Dire Exchange Rate For Brits, Impact On Spain?

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This topic contains 10 replies, has 3 voices, and was last updated by  angie 7 years, 11 months ago.

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  • #56259


    We’re visiting Spain shortly staying with friends, but somewhat reluctant because of the dire, pathetic exchange rate for Brits now. We will probably not spend anything like as much as on previous visits, it’s a matter of finances not a wish to spend less, Spain will not make great gains from people like us at a tourist rate of approx. 1.09 euros per £ stg.

    Just how much is Spain’s economy suffering from tourism loss and reluctance to spend by Brits in general?

    At about parity, Eurozone countries who need a financial boost are missing out big time IMO. Are the ECB aggravating this problem?

    Obviously this must also be impacting on the economies of France, Italy, Portugal, Greece etc irrespective of the slump in their property markets.

    On a similar matter, the UK Gov’t is not helping the UK economy by many of it’s cut-backs, and it’s intransigence in not helping the largest group in Society, Savers, who outnumber borrowers 6-1. Their measures have not helped so far, but they don’t seem to have Plan B 😡

  • #104946


    Your point is, Angie ???.

    ECB is there to protect Germany & not the rest of the EU economies. The Countires benefiting from all this is Turkey, Morocco, Croatia etc. As they say one man’s loss is another man’s gain.

    The savers are usually the older brigade. The government has used & abused them whilst they were young & now as they are older &/or retired they are of no use to them and as such are ignored. This is not the policy of the current Government it has been the case for the last 30 + years.

  • #104951


    Was in full flow to you shakeel with answer when webpage just expired, great! lousy technology methinks, so will reply later.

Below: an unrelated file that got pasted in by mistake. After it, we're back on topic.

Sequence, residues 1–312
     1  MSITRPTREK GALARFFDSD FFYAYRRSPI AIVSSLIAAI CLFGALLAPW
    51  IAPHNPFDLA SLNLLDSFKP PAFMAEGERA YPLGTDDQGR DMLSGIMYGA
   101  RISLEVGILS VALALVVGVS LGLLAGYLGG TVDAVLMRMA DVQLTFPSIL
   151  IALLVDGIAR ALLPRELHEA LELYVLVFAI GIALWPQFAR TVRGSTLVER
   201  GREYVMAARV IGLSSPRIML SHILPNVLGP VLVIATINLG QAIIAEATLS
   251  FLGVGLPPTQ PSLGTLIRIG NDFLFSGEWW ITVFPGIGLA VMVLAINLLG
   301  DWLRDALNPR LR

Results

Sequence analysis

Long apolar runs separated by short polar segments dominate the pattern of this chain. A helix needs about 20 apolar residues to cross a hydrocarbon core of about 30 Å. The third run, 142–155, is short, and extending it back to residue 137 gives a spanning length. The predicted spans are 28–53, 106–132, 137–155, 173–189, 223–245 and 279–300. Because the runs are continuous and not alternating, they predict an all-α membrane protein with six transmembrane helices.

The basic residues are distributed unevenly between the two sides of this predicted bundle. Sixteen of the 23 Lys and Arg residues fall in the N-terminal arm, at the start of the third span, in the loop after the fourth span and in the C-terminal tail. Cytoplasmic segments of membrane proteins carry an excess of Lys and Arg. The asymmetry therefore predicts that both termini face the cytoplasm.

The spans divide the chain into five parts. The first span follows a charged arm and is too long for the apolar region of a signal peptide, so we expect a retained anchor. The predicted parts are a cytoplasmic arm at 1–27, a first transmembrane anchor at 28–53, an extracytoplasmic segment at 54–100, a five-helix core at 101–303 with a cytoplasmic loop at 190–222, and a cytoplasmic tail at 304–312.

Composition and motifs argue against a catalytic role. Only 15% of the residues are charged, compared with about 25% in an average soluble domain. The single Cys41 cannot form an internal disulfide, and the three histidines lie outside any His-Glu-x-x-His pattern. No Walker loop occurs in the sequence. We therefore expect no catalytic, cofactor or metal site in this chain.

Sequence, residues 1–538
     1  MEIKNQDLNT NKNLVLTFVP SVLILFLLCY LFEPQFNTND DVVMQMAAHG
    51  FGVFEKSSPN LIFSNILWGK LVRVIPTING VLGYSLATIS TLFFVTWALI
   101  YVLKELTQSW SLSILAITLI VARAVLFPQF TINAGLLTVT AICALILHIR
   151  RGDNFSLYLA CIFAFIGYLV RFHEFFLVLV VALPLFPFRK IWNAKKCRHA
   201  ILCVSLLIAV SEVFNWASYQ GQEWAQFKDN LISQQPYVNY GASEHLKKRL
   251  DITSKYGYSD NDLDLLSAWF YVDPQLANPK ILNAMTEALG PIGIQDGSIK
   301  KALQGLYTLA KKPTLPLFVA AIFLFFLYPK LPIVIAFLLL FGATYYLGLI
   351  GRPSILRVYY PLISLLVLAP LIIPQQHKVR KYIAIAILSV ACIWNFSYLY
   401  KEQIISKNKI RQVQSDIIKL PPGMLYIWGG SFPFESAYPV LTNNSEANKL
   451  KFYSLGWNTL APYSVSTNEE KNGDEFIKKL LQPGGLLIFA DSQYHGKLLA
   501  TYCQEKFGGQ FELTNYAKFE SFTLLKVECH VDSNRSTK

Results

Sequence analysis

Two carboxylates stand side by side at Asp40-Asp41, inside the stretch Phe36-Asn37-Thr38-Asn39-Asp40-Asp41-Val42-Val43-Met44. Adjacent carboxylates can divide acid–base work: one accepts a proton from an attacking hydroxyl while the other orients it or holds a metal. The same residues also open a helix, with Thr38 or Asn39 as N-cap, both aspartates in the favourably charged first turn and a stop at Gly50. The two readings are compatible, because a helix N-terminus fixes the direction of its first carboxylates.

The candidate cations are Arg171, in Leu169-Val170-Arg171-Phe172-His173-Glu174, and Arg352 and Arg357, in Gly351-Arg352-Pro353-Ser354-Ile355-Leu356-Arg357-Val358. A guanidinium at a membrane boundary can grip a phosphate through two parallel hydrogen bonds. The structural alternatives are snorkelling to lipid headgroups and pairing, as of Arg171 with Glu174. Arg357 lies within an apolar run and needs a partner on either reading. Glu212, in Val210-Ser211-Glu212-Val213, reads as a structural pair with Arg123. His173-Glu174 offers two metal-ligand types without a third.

• #104957


    Look forward to that, Angie.

  • #104962


    Shakeel, I totally agree with you that Savers are ignored by Gov’ts who on the one hand say ‘you must save for your retirement’ and then totally ignore them just when their savings are being eroded by inflation and, low interest rates yet this large group who outnumber borrowers 6-1 could help economies out of the doldrums. ie: if the UK’s 20 million+ savers spent an extra £20 per week it would put an extra 20 Billion Pounds into the economy, plus another 4 Billion in tax take like VAT yet the likes of Mervyn King and the Treasury fail to address this point.

    Meanwhile their policy of low interest rates over the last 27 months has just not worked, it’s not stimulated the economy as they said and people are just not spending.

    My main point though was, what is the impact of Brits like us who are reluctant to visit Spain, or, if they do visit, only intend to spend much less than they would have done, and all down to the dire exchange rate? This applies to a lot of other eurozone countries’ economies.

    At near parity, buying a coffee or meal in Eurozone countries equates to 25-30% more for Brits now. 😉

  • #104963


    I forgot to mention shakeel that Central Banks like the BOE, (and probably the ECB) are being led, advised, cajoled, even told, by Gov’t to keep rates low irrespective of high inflation that they easily blame on external influences when it’s not totally true. ie: fuel prices are not just down to the Arab uprising etc, 75% of UK fuel price is extortionate Gov’t tax.